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Henley Passport Index Releases 2018 Statistics and Here are the Top 10 Most Powerful Passports in the World

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The Henley Passport Index measures how powerful the national identifications are based on how many countries citizens can access without a visa. The index is based on data collected through the International Air Transport Association.

If you have citizenship in Sweden, you have a great deal of traveling power — Swedes can fly to 187 countries without a visa. This makes international travel cheaper and easier than it is for citizens of many other countries.

Third place is shared by South Korea, Finland, France, Italy, Spain and Sweden, allowing visa-free travel to 187 countries.

The worst passports are from Afghanistan and Iraq where citizens can only travel to 30 countries without needing a visa.

These stark differences are revealed in the Passport Index, which ranks countries based on the number of nations where residents can enter without a visa or obtain a visa on arrival. The citizenship planning firm Henley & Partners compiled government data from 200 nations, territories, and micro-states to create the 2018 ranking.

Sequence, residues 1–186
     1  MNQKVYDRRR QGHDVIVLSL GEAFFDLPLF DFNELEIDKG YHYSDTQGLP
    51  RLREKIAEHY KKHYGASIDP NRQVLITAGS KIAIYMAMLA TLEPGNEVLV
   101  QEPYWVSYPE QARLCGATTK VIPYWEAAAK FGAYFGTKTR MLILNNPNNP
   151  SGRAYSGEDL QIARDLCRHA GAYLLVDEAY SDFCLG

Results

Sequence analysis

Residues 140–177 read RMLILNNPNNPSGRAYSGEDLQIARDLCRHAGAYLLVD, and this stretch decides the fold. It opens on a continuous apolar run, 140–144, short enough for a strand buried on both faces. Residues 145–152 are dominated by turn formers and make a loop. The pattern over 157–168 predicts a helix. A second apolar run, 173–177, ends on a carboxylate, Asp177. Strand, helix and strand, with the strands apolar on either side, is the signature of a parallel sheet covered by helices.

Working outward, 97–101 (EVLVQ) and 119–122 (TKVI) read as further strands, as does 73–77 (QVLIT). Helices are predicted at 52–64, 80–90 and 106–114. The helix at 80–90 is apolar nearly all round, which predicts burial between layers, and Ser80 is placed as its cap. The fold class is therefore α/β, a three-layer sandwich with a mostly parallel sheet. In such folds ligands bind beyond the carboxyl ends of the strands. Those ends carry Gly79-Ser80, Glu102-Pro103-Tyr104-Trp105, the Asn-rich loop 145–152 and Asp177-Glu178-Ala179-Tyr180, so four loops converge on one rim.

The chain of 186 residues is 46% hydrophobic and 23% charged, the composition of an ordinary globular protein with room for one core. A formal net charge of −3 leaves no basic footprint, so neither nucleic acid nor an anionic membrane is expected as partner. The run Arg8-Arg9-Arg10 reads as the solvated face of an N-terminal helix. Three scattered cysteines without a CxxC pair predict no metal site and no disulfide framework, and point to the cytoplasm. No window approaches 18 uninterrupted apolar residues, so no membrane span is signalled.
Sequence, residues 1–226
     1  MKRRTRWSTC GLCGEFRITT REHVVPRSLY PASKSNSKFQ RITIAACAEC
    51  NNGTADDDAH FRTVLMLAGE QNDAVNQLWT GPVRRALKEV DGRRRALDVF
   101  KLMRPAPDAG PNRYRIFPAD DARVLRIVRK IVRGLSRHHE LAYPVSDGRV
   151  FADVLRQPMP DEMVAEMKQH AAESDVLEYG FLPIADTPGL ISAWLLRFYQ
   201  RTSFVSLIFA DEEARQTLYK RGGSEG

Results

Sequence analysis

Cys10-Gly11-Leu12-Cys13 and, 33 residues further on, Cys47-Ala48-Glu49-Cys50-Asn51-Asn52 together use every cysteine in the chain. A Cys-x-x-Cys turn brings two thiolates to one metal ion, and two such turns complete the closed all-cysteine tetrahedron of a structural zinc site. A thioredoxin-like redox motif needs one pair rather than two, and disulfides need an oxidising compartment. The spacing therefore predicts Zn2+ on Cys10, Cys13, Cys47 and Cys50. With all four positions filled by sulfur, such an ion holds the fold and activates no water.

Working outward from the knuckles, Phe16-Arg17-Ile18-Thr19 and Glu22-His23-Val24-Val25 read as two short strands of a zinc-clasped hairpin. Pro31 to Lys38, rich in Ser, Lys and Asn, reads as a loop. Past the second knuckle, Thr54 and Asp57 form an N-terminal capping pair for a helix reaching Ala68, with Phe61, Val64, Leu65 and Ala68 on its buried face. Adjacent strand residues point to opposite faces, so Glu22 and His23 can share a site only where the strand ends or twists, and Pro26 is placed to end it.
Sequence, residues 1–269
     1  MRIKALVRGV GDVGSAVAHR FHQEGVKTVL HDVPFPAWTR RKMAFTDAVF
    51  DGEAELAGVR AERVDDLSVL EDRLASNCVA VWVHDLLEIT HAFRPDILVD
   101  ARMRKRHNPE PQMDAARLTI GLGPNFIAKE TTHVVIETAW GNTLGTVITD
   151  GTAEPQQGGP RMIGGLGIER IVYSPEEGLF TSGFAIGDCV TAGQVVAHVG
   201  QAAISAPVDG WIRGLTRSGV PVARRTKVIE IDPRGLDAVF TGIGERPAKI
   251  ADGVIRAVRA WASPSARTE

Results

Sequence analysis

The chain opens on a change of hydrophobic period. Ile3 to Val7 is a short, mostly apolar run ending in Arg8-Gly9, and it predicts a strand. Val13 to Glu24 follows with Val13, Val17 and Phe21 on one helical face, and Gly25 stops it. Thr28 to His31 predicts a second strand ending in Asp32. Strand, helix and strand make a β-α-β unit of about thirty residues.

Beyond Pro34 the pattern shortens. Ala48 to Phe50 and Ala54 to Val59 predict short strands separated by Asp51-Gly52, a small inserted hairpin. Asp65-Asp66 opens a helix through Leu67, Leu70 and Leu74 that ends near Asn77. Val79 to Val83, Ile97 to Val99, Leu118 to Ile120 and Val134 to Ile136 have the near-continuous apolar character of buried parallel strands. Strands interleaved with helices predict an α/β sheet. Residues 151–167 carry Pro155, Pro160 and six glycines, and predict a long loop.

Here are the 10 countries with the highest-ranking passports.

In its latest ranking, Japan takes the top spot with the country’s passport-holders being able to access 189 other nations without a visa.

These are the countries that made the top 10 list: Download Full List Here

  1. Japan (189)
  2. Germany, Singapore (188)
  3. Finland, France, Italy, South Korea, Spain, Sweden (187)
  4. Austria, Luxembourg, Netherlands, Norway, Portugal, United Kingdom, United States (186)
  5. Belgium, Canada, Denmark, Ireland, Switzerland (185)
  6. Greece, Australia (183)
  7. Czech Republic, Malta, New Zealand (182)
  8. Iceland (181)
  9. Hungary, Slovenia, Malaysia (180)
  10. Latvia, Lithuania, Slovakia (179)

64. Thailand Ranked 64th with visa free access to 76 Countries

 

Why Global Mobility Matters Today

As the world economy has become increasingly globalized, the need for greater visa-free access has grown steadily. Across the economic spectrum, individuals want to transcend the constraints imposed on them by their country of origin and access business, financial, career, and lifestyle opportunities on a global scale.

Wealthy individuals in particular are more cosmopolitan and transnational today than ever before, with roots, networks, assets, properties, and even citizenship spanning multiple countries. In many ways, global connectivity has become an indispensable feature of wealth creation and wealth preservation, and its value will only grow as regional volatility and instability increase.

 

 

 

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